Historical Sociolinguistics and Sociohistorical Linguistics

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The world of the periodical essay: Social networks and discourse communities in eighteenth-century London

Susan Fitzmaurice (contact)

(University of Sheffield)

Received: July 2006, published March 2007 (HSL/SHL 7)


1. Introduction

The backdrop for the study reported in this paper is a long-term interest in the role of social ties and community in influencing the social behaviour and practices represented by language use. The database used for this is a network of eighteenth-century men and women in London between approximately 1670 and 1760, centred on Joseph Addison (1672–1719) and represented by an electronic corpus of early eighteenth-century texts written by members of this network (Network of Eighteenth-century English Texts). Accordingly, my exploration of language use and social influence has been grounded in social network analysis, which affords an analysis of the ways in which the associations that are formed by actors, such as coalitions, support the pursuit of particular goals and in particular projects. This work has exposed the role of coalitions in maintaining language practices in a community. In particular, the coalitions formed around Addison’s and Steele’s Spectator project between 1710 and 1714 was instrumental in providing pressure for actors to adhere to a set of norms associated with the powerful members of the coalition.

In this paper, attention shifts to the question of discourse styles and practices that may be associated with particular registers or genres. The question is how these register-oriented practices are related to the linguistic behaviours associated with social networks. For example, it is interesting to ask whether the practices that we observe to be shared by members of the network who were also involved in the Spectator coalition are characteristic of the wider community of periodical writers. In this instance, it would be interesting to examine the extent to which people outside the social network, like Daniel Defoe, nevertheless appear to subscribe to the practices and norms adhered to by periodical essayists in general, including those of the Spectator writers. I submit that social networks provide the scaffolding for the study of discourse communities in a particular milieu such as early eighteenth-century London.

The primary data is provided by the essays sub-corpus in the Network of Eighteenth-century English Texts corpus (NEET).[1] Of the literary community in early eighteenth-century London, Dobree and Davis (1969:220) observe that after the restoration, with the rapid development of a well-organized literary community in London, the author-reader relationship was correspondingly transformed, and the writer was able to direct his observations to a body of readers whom he could easily visualize, and with whom he might almost be said to converse”. They go on to comment that despite this new literary and literate world, it was some time before these new conditions led to any considerable growth in essay writing. However, they do suggest that the last decades of the seventeenth century set the conditions in which writers begin to conceive the particularly interactive what I have called the intersubjective style of appeal and address to the reader that typifies the essay as exemplified by the Spectator and Tatler. The periodical essay is recognized, to all intents and purposes, as a new genre in the early eighteenth century. It is not entirely novel of course, but has its antecedents in other forms and practices (which I won’t rehearse here). I am interested in examining the extent to which members of the social network participate in the practices of a wider discourse community of essay writers in the period.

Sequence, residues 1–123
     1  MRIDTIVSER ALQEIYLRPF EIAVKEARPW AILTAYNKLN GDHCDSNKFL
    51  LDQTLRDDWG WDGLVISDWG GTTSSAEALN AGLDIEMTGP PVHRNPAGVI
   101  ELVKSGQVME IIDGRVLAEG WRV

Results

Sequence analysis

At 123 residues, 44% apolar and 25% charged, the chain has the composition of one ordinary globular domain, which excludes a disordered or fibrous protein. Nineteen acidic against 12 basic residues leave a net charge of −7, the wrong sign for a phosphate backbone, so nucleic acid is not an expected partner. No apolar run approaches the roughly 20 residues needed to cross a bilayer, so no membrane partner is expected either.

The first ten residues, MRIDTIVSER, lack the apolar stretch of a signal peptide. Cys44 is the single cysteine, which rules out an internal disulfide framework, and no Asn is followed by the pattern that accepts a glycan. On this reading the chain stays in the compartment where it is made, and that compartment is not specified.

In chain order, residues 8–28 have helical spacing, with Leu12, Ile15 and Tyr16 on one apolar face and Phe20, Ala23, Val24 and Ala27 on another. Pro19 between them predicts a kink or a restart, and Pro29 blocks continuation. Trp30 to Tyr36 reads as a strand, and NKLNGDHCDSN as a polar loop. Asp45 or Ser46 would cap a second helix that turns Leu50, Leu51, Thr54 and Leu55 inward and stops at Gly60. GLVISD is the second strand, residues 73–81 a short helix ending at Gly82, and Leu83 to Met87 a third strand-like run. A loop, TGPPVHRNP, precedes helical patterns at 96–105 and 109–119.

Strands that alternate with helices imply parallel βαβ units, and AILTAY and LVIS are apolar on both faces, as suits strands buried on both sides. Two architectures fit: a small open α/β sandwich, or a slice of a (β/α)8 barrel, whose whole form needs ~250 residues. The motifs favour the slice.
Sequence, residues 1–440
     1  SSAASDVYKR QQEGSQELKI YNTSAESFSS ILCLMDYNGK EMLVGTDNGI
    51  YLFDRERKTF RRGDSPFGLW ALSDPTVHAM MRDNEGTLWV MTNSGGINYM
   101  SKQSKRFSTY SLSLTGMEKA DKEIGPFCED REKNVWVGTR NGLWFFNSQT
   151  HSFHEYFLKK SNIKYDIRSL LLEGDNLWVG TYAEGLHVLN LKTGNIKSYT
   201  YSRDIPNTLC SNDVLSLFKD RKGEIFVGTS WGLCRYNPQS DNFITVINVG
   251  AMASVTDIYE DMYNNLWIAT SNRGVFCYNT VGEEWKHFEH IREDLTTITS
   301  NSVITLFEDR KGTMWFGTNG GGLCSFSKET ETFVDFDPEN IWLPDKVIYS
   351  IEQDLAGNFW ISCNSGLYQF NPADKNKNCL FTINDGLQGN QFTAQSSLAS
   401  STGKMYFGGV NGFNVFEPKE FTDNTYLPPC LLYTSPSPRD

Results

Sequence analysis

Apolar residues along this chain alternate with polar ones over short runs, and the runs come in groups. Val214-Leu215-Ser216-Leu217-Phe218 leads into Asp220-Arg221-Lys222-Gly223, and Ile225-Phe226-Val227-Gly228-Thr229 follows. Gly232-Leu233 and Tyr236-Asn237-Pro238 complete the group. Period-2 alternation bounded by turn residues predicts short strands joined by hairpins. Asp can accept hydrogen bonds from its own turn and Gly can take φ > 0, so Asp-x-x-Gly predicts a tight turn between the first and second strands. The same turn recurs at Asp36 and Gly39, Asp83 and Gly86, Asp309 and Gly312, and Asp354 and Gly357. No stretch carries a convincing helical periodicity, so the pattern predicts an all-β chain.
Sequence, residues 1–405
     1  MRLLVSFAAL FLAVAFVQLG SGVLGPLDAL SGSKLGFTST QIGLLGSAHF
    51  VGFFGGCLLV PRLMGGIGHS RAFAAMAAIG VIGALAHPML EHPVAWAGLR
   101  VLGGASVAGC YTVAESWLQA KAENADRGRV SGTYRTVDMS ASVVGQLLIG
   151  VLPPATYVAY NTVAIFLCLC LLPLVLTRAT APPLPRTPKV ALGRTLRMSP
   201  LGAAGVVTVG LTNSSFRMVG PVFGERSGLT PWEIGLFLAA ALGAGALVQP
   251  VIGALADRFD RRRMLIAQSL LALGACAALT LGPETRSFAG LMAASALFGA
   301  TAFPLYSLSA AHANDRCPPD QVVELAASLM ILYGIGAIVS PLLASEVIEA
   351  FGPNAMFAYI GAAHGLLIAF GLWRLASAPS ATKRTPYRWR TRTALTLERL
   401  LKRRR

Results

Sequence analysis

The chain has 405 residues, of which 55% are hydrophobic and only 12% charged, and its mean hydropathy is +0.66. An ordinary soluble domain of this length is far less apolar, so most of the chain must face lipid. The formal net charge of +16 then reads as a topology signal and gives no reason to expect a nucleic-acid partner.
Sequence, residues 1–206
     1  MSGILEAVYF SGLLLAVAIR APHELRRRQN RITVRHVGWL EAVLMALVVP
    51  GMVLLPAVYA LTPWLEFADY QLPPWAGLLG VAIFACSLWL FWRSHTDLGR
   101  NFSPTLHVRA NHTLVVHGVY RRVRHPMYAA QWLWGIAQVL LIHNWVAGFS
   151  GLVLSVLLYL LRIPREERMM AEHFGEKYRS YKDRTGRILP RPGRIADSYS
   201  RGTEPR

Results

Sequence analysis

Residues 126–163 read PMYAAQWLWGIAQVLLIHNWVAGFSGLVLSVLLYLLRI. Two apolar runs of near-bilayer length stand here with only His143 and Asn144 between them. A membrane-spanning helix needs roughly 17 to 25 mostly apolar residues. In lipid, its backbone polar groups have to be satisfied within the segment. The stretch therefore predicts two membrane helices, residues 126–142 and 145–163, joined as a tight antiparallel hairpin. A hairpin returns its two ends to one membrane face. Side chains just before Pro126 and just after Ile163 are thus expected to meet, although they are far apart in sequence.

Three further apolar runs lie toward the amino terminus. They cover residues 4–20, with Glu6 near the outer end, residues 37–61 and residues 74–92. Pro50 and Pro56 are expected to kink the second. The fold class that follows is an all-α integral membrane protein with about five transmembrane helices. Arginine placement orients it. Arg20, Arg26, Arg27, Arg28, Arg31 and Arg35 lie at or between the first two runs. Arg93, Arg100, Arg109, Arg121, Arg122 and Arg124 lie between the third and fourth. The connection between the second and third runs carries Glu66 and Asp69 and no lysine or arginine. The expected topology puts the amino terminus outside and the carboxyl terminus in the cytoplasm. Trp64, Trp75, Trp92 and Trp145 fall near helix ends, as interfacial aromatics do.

In order to compare the roles of social networks and discourse communities in shaping language use, I examine the meaning and use of a set of linguistic features in the letters and essays of the men and women in the NEET corpus. This study will allow us to ascertain the extent to which writers adhere to styles and conventions that may be established with the practice of writing a particular genre or register (however implicitly). The research questions for the present study are informed by a study of the emergence of intersubjective comment clauses and their development as discourse markers (you say, you know, see) in letters and prose drama using the ARCHER corpus (Fitzmaurice 2004). It also builds on my study of the grammar of stance in the NEET letters subcorpus, specifically of modal expressions, epistemic and attitudinal stance verbs hope, think, know, wish, desire with complement clauses (Fitzmaurice 2003).

In this paper, I expand on various aspects of these findings, using the NEET corpus to explore the use of stance verbs with both first and second person subjects as comment clauses in essays. As stance expressions become routinized in discourse, it would seem reasonable to expect them to diffuse into different registers. Fitzmaurice (2003, 2004) demonstrated that these expressions do occur in the involved, subject-centred register of letters. Their occurrence in eighteenth-century essays might be taken to indicate the extent to which the essay of the period might occupy a stylistic space that is not as distant from letters as that occupied by the essay’s present-day counterpart, academic discourse. The following questions thus guide the study: